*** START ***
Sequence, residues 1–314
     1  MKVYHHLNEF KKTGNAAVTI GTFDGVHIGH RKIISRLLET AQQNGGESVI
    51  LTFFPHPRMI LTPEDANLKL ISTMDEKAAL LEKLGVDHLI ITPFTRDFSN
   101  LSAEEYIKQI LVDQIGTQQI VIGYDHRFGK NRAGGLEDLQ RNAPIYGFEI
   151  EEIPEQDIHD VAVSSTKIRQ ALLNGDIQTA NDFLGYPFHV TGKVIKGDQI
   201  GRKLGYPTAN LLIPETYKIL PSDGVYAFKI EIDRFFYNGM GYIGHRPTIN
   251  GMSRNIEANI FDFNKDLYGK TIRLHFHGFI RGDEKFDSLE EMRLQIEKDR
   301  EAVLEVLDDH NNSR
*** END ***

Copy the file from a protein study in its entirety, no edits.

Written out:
Sequence, residues 1–314
     1  MKVYHHLNEF KKTGNAAVTI GTFDGVHIGH RKIISRLLET AQQNGGESVI
    51  LTFFPHPRMI LTPEDANLKL ISTMDEKAAL LEKLGVDHLI ITPFTRDFSN
   101  LSAEEYIKQI LVDQIGTQQI VIGYDHRFGK NRAGGLEDLQ RNAPIYGFEI
   151  EEIPEQDIHD VAVSSTKIRQ ALLNGDIQTA NDFLGYPFHV TGKVIKGDQI
   201  GRKLGYPTAN LLIPETYKIL PSDGVYAFKI EIDRFFYNGM GYIGHRPTIN
   251  GMSRNIEANI FDFNKDLYGK TIRLHFHGFI RGDEKFDSLE EMRLQIEKDR
   301  EAVLEVLDDH NNSR